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The winners and losers in Trump's Afghan strategy

By M K Bhadrakumar
September 01, 2017 08:22 IST
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'Delhi has identified itself with Trump's Afghan strategy whereas the Chinese stance is calibrated -- observant and objective, keeping a distance,' says Ambassador M K Bhadrakumar.

New Delhi and Beijing are the only two regional capitals that have commented on US President Donald J Trump's speech on August 21 outlining the way forward in Afghanistan.

The Indian foreign ministry statement was effusive in praise while the Chinese statement has been one of cautious and guarded hope.

Delhi has identified itself with Trump's Afghan strategy whereas the Chinese stance is calibrated -- observant and objective, keeping a distance.

Among the regional States, India and China can be regarded as 'winners' unlike Pakistan, Iran and Russia.


Trump made the following reference to India in his South Asian strategy:

Another critical part of the South Asia strategy for America is to further develop its strategic partnership with India, the world's largest democracy and a key security and economic partner of the United States.

We appreciate India's important contributions to stability in Afghanistan, but India makes billions of dollars in trade with the United States, and we want them to help us more with Afghanistan, especially in the area of economic assistance and development.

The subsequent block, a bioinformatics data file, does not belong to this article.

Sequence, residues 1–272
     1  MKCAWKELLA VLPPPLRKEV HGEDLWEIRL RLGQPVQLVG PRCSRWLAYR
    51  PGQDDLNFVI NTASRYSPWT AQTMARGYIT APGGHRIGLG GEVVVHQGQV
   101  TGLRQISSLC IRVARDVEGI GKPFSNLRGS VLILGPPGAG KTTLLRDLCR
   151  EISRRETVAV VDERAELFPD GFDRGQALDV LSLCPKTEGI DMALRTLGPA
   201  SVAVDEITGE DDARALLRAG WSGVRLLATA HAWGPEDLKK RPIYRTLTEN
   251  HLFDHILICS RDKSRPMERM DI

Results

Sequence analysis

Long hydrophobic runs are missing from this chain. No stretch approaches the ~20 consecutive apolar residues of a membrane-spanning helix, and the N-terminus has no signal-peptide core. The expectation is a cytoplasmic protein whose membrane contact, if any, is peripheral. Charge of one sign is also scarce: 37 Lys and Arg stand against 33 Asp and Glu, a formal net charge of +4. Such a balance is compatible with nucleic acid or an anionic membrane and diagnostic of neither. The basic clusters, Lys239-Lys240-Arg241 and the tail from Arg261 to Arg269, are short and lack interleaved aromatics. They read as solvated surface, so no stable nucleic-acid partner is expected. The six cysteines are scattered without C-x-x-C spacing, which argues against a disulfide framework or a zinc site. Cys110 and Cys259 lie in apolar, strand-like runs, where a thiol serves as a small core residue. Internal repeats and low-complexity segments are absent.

We are committed to pursuing our shared objectives for peace and security in South Asia and the broader Indo-Pacific region.

India finds the Trump strategy to work in line with its interests.

There are 3 main reasons for this:

One, the Indian establishment has been second only to the Pentagon in seeking an open-ended US military presence in Afghanistan.

Trump has granted that wish.

Two, the US has taken a 'tough' stance toward Pakistan for its support of terrorist groups, threatening it with retribution unless it made a course correction 'immediately'.

India has been demanding this all along.

Three, the US has co-opted India as a pivotal partner in its South Asia strategy and is inviting India to step up its involvement in Afghanistan not only in the economic area but also in the political sphere.

The Indian establishment couldn't have expected more from the new US strategy towards Afghanistan.

Unsurprisingly, the remarks by the external affairs ministry spokesman exude great satisfaction:

'We welcome President Trump's determination to enhance efforts to overcome the challenges facing Afghanistan and confronting issues of safe havens and other forms of cross-border support enjoyed by terrorists.'

'India shares these concerns and objectives.'

'We are committed to supporting the government and the people of Afghanistan in their efforts to bring peace, security, stability and prosperity in their country.'

'We have been steadfast in extending reconstruction and development assistance to Afghanistan in keeping with our traditional friendship with its people.'

'We will continue these efforts, including in partnership with other countries.'

To be sure, the US-Indian strategic partnership is taking a leap forward.

India and the US have had differences regarding the Afghan situation.

On the whole, Trump's speech signals that the US strategy now more or less conforms to the Indian line of thinking.